The bill changes joint and several liability guidelines to alter so-called "deep pocket" rules that had allowed an injured person to recover all damages from any defendant regardless of their individual share of liability.

It reinstates a certificate of merit requirement for injured people who want to file professional malpractice lawsuits but broadens it beyond a similar rule that was ruled unconstitutional by the Oklahoma Supreme Court in 2006.

The measure also caps non-economic damages, also known as pain and suffering, at $400,000 but allows a judge or jury to waive the cap in cases of gross negligence or catastrophic injury. The bill requires the state to explore the purchase of a $20 million insurance policy by May 1, 2011, to create an indemnity fund for non-economic damages in excess of $400,000.

"We still have some work to do on the economic damage portion of it," Coffee said. "Hopefully, we'll complete that part of it this next session."

Benge's focus on alternative energy this year bore fruit in the passage of legislation that would make companies that support and service wind energy companies eligible for the state's Quality Jobs
Act in an attempt to attract them to Oklahoma.

The Quality Jobs Act gives companies financial incentives to relocate to the state or expand existing operations if they create new, well-paying jobs and offer their employees health insurance.

The Legislature also passed other GOP-backed alternative energy bills that go into effect on Jan. 1. They include measures intended to expand the number of vehicles in the state running on alternative fuels like compressed natural gas and also expand the number of publicly available CNG fueling stations.

The state's new Lemon Law gives vehicle buyers better protections if the new car or truck they have purchased turns out to be a lemon.

Among other things, the bill gives consumers the choice of a refund or replacement of a defective vehicle. It also places a standard in state law for a manufacturer's charge for mileage on a defective vehicle and prohibits a manufacturer from charging for mileage if the lemon is simply replaced.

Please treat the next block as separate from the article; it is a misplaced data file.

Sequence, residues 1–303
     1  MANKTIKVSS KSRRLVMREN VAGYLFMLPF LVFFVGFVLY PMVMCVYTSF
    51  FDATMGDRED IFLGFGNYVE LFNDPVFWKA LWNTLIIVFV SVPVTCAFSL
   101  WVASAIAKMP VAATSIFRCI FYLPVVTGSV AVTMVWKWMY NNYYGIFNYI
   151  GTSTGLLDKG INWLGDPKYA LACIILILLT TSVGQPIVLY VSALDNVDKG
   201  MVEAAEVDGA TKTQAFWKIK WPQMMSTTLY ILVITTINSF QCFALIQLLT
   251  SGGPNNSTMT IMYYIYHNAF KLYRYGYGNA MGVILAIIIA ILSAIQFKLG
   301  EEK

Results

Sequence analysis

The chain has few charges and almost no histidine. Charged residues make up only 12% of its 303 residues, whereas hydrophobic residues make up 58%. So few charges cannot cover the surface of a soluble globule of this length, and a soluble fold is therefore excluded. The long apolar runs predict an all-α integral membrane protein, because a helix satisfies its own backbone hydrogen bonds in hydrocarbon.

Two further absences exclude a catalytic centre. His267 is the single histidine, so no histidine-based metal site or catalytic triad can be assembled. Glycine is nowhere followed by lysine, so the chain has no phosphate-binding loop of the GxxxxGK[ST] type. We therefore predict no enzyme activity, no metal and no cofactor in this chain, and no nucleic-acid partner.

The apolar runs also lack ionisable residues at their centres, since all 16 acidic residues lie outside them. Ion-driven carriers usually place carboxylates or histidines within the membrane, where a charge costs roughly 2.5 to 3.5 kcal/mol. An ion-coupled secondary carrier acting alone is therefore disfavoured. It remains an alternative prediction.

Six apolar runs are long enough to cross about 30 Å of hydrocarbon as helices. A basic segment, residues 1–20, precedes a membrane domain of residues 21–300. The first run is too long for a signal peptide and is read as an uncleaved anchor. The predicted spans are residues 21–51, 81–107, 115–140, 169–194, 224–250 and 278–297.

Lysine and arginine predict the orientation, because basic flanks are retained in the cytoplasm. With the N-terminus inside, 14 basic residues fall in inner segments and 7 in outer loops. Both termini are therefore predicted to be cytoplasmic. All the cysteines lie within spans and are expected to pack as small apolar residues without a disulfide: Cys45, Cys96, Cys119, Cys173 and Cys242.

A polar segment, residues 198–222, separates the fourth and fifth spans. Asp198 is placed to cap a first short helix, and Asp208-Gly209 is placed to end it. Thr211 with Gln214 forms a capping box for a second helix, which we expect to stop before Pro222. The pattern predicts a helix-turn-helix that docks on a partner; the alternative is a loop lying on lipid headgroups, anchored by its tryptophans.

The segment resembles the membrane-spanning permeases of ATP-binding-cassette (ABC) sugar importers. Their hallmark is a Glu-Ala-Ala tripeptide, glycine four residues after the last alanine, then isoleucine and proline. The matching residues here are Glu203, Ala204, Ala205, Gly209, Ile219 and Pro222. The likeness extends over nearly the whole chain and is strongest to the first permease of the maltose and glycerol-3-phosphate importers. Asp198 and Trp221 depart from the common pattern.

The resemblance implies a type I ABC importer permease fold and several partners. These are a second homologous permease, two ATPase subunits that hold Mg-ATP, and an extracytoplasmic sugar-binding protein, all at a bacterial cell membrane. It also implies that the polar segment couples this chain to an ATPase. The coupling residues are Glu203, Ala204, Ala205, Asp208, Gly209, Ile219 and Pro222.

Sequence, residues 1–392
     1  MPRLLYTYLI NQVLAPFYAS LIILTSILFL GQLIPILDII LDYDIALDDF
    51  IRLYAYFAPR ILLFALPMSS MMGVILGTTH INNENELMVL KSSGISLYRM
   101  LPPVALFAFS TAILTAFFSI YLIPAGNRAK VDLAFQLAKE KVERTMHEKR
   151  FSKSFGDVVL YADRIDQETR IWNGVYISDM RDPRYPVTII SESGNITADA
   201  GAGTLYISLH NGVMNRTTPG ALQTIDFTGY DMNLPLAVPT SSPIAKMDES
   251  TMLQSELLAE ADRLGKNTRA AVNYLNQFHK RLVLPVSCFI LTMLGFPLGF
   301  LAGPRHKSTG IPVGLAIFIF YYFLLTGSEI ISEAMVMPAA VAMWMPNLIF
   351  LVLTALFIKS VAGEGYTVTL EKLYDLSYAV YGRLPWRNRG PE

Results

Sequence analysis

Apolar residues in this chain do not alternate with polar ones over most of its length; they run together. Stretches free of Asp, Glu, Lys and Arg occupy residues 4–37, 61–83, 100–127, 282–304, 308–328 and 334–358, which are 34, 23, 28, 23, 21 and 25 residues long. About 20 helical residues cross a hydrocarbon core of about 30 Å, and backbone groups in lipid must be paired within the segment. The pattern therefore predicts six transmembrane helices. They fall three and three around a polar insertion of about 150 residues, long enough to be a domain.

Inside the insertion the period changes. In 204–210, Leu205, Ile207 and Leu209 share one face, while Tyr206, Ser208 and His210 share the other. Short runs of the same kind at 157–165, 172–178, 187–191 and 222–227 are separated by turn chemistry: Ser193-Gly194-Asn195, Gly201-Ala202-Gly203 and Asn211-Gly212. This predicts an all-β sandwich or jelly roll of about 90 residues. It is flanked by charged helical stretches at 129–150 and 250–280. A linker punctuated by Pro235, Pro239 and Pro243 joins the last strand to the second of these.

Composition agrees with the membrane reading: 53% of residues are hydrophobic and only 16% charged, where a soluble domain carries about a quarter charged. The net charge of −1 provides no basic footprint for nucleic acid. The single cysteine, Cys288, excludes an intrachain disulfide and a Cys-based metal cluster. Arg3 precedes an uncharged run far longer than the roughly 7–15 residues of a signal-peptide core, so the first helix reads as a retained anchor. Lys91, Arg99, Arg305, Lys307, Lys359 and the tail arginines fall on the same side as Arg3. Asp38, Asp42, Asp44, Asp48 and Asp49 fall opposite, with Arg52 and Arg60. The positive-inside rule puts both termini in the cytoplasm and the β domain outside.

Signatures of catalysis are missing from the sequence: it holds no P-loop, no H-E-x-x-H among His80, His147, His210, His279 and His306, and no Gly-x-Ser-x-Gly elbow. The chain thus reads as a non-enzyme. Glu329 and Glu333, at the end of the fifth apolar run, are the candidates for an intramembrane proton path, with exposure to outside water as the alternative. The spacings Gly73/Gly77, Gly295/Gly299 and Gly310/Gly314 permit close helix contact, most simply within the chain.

Legislation that expands the successful Insure Oklahoma premium assistance program also goes into effect Sunday.

First conceived by Henry in 2004, a bill authored by Republican House Speaker Pro Tem Kris Steele of Shawnee, the House's second-ranking member, will make the public-private partnership more accessible so small businesses can provide health care coverage for their low- and middle-income employees and reduce the state's 600,000 uninsured residents.

The measure creates a core benefits package for young, healthy Oklahomans to purchase inexpensive insurance policies that are free of the costs associated with the state's 36 health insurance mandates. It also creates an insurance hub to help match Oklahomans to private insurance plans that fit their needs.

Legislation requiring health insurers to cover the diagnosis and treatment of autism was defeated by the Republican-controlled Legislature this year. But a measure that goes into effect Sunday creates a plan to increase the number of therapists who treat children with autism.

The bill creates a licensing process for national board certified behavior analysts and enhancement of existing state programs that would train doctors to diagnose and treat autism.